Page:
Participatory Research Theme

Bringing Wisdom to ResearchThe notion of participative research, in which service users or citizens become partners or co-researchers in the research process is a core characteristic of our approach to social research. Our Participatory Research Theme is cross-cutting across all four of our Research Groups.

A number of academics across the School of Social Policy's Institute of Applied Social Studies and Health Services Management Centre are engaged in collaborative working with service users, carers and members of the public. Read more about the Health Services Management Centre's Patient experience and public involvement programme

The Survivor Arts Project at the University of Birmingham provides a space where survivors' perspectives can be communicated through the arts.

Find out more about Suresearch, which is a network of Service Users in Research and Education.

Some highlights of our participatory research

Hearing the voices of carers with learning disabilities

Carers with learning disabilitiesThe Carers with Learning Disabilities Network was formed after carers with learning disabilities were seen as a priority by the Families Lead in the Valuing People programme. Over the past 12 months a partnership has been formed between ourselves and members of the network, alongside Mencap and The Norah Fry Research Centre in Bristol. Our work has focused on developing collaborative research to explore experiences of people with learning disabilities who are carers. Most recently, with support from the ODI, a consultation exercise was conducted, the findings from which have been submitted as part of the government's 'Fulfilling Potential' consultation. You can read the findings from our consultation 'Fulfilling Potential Consultation: The views of people with learning disabilities who are carers'. If you would like further information about the network or about our research, please contact Nicki Ward,

Older people's experiences of care transitions project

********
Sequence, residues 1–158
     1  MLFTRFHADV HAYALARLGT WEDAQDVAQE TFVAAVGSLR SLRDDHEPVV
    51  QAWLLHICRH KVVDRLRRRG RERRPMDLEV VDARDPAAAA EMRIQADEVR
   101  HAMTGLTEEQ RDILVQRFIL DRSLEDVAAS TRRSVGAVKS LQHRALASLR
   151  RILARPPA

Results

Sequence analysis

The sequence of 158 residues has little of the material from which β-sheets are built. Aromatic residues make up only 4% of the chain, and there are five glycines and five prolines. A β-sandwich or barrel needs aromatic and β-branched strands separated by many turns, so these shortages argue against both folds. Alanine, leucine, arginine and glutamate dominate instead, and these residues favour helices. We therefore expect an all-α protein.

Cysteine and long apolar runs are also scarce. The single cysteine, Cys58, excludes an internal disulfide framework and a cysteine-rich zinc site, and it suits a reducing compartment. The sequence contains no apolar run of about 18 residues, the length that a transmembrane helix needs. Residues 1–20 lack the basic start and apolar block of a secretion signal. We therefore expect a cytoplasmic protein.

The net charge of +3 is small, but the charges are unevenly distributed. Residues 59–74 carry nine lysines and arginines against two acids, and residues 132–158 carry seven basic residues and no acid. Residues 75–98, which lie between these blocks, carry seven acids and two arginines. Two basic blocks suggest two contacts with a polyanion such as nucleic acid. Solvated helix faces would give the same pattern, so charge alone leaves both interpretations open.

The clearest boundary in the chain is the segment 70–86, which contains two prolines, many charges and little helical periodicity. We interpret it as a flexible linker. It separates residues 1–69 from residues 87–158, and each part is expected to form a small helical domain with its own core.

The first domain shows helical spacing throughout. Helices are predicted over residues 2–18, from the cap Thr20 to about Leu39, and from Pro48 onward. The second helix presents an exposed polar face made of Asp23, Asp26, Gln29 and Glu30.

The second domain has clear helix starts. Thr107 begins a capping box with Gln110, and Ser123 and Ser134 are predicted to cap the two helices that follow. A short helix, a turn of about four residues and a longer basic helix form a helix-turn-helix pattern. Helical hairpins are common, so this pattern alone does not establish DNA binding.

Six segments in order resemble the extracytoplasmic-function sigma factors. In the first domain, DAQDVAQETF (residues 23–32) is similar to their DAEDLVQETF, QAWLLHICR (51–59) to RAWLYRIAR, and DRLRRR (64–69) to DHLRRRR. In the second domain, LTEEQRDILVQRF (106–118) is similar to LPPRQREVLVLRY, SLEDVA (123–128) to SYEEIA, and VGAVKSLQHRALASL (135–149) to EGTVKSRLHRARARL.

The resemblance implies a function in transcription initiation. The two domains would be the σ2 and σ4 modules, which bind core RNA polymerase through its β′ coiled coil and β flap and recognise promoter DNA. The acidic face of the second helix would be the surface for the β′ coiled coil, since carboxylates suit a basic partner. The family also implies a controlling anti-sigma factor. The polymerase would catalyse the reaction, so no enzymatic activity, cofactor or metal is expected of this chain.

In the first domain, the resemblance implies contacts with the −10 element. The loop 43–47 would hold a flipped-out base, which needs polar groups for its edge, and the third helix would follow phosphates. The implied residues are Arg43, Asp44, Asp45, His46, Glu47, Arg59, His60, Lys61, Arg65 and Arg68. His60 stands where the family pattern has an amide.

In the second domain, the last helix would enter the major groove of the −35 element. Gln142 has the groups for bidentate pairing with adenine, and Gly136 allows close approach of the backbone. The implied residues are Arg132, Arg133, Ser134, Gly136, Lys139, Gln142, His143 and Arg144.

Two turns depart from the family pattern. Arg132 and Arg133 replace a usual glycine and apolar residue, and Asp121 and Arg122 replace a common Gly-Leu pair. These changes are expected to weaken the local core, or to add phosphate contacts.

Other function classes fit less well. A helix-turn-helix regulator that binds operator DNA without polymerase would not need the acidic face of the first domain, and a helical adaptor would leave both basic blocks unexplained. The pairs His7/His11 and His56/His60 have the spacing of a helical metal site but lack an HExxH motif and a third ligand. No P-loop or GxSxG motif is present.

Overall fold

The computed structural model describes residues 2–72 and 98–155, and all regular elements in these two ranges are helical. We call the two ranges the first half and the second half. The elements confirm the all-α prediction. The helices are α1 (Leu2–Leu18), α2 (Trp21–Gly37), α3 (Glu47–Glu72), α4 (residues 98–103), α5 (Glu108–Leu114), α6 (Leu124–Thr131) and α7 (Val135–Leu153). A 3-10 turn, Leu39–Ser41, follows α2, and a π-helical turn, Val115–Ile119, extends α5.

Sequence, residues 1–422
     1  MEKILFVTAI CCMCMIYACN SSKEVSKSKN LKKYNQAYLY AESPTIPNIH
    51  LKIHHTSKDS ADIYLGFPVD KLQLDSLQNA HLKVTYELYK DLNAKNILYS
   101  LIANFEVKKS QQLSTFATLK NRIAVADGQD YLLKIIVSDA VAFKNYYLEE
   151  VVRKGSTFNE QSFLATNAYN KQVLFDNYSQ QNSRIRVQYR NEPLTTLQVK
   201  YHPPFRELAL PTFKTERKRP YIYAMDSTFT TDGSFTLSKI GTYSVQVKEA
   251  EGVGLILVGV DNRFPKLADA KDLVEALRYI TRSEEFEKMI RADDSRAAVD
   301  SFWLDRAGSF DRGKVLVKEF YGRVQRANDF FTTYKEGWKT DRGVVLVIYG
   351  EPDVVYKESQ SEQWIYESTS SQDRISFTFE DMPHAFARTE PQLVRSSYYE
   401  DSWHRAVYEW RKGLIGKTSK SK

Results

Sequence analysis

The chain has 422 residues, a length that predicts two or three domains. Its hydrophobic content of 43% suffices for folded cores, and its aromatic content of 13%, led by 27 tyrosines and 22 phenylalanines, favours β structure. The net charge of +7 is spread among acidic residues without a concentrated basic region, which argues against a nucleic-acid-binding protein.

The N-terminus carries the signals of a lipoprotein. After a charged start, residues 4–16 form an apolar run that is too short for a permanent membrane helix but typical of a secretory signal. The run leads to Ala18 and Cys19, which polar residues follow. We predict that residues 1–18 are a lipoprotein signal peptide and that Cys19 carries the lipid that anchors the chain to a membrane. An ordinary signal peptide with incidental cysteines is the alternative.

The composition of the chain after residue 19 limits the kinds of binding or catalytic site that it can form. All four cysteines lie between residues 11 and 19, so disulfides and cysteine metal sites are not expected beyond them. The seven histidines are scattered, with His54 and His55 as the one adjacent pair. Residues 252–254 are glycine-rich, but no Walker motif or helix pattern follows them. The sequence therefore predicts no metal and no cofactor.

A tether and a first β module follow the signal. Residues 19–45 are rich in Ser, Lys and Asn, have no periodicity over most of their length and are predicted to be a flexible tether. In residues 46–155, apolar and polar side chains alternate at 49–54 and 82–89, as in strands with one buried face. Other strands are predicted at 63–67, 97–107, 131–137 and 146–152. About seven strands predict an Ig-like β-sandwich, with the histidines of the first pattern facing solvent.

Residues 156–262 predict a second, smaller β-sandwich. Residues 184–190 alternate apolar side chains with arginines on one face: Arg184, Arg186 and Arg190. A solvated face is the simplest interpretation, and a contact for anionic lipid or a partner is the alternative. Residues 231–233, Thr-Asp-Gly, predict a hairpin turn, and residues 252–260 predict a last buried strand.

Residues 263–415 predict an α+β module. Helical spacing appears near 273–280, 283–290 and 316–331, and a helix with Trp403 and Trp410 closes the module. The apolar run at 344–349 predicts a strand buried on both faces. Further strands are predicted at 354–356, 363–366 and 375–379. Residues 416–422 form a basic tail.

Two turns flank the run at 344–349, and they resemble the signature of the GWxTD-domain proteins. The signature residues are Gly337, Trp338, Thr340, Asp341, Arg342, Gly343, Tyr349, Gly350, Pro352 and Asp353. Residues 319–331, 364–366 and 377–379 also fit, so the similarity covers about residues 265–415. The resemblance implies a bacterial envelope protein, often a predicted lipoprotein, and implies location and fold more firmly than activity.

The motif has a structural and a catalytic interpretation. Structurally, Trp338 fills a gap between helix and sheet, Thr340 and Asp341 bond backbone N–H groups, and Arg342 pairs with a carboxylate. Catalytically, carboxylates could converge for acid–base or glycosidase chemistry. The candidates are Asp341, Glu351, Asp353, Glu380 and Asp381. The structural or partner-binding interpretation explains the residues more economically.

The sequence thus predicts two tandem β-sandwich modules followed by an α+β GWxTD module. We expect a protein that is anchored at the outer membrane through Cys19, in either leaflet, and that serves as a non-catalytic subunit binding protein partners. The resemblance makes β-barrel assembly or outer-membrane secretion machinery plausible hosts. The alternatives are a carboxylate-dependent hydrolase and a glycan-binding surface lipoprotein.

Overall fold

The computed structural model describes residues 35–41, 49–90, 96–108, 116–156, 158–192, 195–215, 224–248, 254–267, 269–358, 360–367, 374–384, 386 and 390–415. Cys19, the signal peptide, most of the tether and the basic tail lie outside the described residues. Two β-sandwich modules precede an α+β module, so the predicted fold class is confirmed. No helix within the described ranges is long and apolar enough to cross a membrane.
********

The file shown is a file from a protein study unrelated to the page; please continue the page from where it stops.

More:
Colleagues across the School of Social Policy have recently completed an SDO-funded project, exploring older service user and carers' experiences of transitions in care. Designed as a participatory study, the research was designed, carried out and analysed in partnership with 23 older people as 'co-researchers'. An evaluation of the participatory approach was undertaken to assess the impact of older people's involvement as research partners on the process and outcomes of the study, and explore the experiences of those taking part. The final report is now available from the NHS NIHR website.

Read HSMC news item 'New report into older people's experiences of transitions in health and social care', which includes video responses to the report.

We have put together a Care transitions resource pack for those involved in co-research projects as a useful starting point.

Bringing wisdom to research

Members of the SDO Care Transitions Project recently held a public workshop - Bringing Wisdom to Research - which explored the opportunities, practicalities and impact of involving older people in research and service evaluation. It was delivered in collaboration with the national organisation INVOLVE and with co-researchers from the care transitions project. The event was attended by health and social care practitioners, voluntary sector organisations academics and representatives of older people's groups in the area.


If you would like further information about the Participatory Research theme, please contact:

Rosemary Littlechild
Tel: +44(0)121 414 5728